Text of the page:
All the Water in The World tells of a family trying to come to terms with terrible tragedy: Maddy, only sixteen, has been diagnosed with cancer. These terrible circumstances expose the beautiful and complex bond between a mother and her daughter.
The story is told in alternating chapters between Maddy and her mother Eve. What jumps out of the pages of this book most of all is the character of Maddy. At this young age, she has to face the toughest of circumstances, and does so with such maturity, defiance and honesty. She is full of curiosity and is very emotionally intelligent – I think lots of readers will fall in love with Maddy and the way that she sees the world.
There is a raw and painful truth ringing through Eve’s chapters. She is consumed by what has happened to Maddy, and is forced to confront everything about and within herself to come to terms with it. While I found a lot contained within Eve’s pages, the way they made me think and feel was completely different to Maddy’s chapters. In some ways I suppose that was sort of the whole point, but it made it feel in a lot of ways like I was reading two different books. It felt a little bit disjointed and I mainly wanted to keep reading through Eve’s chapters just to get back to Maddy’s! Their relationship is still beautifully presented, nonetheless. We see that beautiful tension between their closeness and love for each other, and the unavoidable distance that comes from our individual and distinct existences.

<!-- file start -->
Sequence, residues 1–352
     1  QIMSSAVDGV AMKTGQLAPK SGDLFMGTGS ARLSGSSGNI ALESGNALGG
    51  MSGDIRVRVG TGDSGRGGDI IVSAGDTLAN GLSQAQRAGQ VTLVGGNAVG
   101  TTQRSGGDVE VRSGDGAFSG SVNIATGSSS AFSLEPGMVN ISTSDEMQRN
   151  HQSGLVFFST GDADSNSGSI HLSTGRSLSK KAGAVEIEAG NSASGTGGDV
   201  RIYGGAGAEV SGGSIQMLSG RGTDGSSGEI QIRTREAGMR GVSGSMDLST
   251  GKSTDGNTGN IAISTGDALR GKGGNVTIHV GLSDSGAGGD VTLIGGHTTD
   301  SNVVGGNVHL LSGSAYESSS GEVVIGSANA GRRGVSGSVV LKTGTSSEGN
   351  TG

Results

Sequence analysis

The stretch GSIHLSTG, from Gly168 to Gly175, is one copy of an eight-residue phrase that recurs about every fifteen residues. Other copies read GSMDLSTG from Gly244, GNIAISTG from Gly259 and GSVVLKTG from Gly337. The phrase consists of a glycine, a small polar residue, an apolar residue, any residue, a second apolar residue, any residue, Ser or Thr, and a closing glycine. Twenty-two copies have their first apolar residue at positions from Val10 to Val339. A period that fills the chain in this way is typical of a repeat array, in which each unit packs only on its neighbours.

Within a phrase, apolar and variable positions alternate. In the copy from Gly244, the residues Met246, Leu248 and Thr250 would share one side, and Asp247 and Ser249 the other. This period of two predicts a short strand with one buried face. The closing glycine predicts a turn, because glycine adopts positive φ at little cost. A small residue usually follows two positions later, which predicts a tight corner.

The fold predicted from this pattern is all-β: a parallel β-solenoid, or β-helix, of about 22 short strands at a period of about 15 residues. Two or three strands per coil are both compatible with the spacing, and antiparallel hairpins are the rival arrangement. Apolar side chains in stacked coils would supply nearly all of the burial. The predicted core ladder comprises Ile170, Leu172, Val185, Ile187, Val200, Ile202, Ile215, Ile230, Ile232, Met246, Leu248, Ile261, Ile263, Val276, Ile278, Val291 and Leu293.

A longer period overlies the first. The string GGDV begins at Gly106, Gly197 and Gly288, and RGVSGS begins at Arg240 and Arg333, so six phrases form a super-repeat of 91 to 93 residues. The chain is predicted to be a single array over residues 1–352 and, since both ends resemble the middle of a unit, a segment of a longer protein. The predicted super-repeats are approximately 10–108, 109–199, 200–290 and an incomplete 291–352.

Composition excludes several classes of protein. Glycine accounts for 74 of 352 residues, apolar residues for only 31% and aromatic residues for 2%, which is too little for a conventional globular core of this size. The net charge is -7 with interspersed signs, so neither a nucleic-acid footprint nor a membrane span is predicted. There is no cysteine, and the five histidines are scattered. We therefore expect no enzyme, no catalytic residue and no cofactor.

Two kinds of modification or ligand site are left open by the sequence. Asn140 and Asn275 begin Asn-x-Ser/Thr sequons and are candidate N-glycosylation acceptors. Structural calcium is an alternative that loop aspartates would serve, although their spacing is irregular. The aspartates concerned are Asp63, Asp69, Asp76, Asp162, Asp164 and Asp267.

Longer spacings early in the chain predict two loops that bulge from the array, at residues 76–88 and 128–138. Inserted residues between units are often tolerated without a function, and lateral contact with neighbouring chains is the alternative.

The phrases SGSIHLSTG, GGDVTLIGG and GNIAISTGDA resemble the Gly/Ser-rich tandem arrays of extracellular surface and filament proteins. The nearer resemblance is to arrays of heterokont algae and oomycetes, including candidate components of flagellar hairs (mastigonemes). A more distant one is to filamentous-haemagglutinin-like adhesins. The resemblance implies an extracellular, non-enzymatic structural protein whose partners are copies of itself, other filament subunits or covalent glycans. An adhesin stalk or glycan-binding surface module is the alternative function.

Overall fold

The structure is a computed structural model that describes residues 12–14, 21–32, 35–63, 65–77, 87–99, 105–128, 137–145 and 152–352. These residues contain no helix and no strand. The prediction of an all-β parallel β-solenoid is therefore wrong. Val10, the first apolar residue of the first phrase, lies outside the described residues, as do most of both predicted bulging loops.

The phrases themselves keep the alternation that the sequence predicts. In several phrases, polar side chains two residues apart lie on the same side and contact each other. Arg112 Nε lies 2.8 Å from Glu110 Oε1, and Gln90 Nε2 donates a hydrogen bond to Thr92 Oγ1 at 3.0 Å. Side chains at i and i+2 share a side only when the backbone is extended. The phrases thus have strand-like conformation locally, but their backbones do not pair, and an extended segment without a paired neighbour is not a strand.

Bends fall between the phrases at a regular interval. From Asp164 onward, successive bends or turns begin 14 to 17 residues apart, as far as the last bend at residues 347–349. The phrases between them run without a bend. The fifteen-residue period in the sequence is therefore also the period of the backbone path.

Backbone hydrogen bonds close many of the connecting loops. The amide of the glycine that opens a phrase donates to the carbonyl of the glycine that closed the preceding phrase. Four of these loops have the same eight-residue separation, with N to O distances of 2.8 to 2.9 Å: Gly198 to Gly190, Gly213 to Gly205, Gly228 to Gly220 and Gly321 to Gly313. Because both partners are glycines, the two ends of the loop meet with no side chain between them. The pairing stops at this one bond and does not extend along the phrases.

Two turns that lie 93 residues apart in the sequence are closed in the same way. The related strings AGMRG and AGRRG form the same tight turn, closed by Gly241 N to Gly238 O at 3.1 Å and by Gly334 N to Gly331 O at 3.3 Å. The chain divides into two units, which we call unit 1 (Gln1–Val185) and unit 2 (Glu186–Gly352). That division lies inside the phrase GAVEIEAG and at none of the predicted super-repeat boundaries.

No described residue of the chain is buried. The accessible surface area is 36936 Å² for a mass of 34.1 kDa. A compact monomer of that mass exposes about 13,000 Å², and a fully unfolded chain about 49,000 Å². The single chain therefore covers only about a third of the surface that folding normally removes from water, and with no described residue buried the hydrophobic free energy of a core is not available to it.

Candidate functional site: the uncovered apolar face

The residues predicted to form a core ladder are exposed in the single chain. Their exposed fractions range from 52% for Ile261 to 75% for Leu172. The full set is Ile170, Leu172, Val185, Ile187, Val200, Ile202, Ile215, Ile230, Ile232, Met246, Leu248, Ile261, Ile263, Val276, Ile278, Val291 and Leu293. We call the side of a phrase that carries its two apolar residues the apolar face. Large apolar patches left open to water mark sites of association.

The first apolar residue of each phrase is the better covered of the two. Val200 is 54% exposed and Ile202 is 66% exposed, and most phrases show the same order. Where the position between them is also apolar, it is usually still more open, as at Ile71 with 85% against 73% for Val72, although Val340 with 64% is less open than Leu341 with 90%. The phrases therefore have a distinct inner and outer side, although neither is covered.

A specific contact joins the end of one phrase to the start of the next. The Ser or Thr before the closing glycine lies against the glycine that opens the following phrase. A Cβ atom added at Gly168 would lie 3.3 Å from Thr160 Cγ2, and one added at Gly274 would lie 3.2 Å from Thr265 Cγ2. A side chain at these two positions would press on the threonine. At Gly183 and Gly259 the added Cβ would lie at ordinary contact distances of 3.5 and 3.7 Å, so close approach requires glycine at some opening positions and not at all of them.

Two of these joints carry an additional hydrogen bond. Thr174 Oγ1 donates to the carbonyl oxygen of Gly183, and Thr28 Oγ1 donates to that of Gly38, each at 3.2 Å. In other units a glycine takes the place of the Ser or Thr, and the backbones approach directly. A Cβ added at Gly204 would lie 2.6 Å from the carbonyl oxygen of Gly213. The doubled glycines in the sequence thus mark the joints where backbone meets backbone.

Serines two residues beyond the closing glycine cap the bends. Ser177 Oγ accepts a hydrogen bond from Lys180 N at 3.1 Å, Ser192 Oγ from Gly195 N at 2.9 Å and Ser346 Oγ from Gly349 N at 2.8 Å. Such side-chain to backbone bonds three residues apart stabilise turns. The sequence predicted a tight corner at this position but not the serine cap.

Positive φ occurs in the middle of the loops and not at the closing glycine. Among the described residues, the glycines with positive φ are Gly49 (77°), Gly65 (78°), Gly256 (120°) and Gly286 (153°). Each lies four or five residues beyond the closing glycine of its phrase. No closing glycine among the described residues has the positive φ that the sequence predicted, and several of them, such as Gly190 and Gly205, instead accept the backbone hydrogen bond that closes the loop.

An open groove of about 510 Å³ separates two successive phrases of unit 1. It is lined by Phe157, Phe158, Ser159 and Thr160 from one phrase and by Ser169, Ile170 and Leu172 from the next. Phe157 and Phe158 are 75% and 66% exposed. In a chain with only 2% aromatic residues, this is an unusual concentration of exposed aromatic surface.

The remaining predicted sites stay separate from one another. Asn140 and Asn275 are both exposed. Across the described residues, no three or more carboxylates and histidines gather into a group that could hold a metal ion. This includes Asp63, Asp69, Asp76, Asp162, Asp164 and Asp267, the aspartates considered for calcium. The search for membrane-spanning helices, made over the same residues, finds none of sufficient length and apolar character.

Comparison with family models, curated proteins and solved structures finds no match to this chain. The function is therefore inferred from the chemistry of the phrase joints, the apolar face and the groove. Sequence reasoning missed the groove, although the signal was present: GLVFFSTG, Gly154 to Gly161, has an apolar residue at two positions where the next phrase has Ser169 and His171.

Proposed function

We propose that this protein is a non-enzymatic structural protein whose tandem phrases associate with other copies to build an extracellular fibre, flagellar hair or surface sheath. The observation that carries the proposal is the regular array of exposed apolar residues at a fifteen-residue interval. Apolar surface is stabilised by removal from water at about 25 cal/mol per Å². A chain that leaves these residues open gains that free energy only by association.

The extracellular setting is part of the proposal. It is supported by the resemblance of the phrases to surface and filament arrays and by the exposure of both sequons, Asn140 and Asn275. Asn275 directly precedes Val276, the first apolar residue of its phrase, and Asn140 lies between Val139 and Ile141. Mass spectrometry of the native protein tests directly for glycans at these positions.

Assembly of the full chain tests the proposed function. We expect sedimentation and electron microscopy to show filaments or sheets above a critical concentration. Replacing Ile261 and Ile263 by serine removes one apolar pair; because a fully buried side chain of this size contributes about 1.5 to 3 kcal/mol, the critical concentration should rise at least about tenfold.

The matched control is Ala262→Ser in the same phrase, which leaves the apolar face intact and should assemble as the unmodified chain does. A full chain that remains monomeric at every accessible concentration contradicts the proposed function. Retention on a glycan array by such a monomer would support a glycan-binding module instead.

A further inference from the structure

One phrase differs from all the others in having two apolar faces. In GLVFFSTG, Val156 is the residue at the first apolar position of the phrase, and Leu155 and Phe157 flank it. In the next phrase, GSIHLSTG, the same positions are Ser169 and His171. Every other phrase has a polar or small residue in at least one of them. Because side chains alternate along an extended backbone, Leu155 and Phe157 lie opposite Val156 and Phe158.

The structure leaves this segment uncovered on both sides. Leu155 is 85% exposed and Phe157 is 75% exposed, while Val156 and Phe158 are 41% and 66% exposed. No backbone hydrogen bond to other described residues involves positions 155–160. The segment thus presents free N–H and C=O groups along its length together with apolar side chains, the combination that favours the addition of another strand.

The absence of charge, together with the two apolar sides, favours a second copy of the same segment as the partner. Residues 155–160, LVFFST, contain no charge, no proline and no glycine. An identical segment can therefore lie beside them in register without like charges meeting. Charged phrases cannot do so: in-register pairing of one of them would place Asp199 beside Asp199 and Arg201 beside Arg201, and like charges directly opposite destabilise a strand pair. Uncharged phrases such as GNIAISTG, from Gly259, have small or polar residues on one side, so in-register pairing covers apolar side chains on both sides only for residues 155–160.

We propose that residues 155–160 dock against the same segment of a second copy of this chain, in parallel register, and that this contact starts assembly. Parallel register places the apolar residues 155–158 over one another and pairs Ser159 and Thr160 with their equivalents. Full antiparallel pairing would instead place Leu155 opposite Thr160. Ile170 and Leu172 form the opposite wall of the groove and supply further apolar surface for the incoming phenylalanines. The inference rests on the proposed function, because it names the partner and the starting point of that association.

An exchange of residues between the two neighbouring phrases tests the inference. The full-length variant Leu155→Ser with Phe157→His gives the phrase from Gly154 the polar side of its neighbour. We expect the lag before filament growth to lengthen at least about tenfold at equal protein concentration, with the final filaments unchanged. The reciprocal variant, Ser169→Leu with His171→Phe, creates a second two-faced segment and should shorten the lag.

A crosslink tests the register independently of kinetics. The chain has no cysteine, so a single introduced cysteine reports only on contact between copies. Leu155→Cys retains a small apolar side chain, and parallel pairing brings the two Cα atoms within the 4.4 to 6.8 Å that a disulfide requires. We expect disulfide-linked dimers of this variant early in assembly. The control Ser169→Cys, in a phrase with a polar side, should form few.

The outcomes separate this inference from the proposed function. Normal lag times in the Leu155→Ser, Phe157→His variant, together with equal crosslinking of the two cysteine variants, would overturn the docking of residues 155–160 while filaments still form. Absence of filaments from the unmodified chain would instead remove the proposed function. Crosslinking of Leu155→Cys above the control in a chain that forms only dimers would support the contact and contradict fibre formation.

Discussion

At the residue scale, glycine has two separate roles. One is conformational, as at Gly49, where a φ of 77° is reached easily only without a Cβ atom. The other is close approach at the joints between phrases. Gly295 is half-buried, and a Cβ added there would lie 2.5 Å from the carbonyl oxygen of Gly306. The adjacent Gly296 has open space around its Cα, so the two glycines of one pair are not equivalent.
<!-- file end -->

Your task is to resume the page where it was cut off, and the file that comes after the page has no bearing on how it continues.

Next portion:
There were some interesting themes weaving their way through the book. Water appears frequently throughout and the family are drawn to it – they own a house by a lake, and love to visit Fallingwater (a house built over a waterfall by architect Frank Lloyd Wright – take a look at the pics here!). Raney’s descriptions of water are very poetic; it takes on chameleon-like qualities: sometime serene and inviting; sometimes lonely and dark; and ultimately extremely powerful and all consuming.
I also found the significance of climate change, and Maddy’s involvement in climate action protests very thought provoking – even when facing her own mortality in a more direct way, Maddy wants to join the fight to protect the planet. It’s a poignant commentary on enacting change where we can, as there is so much around that is, in contrast, completely out of our control.
All the Water in the World publishes with Two Roads on the 23rd Jan. Many thanks to the publisher and Netgalley for sending me an electronic copy of this book, in exchange for an honest review.
Sophie @Sophie_Jo_Books 📚🐾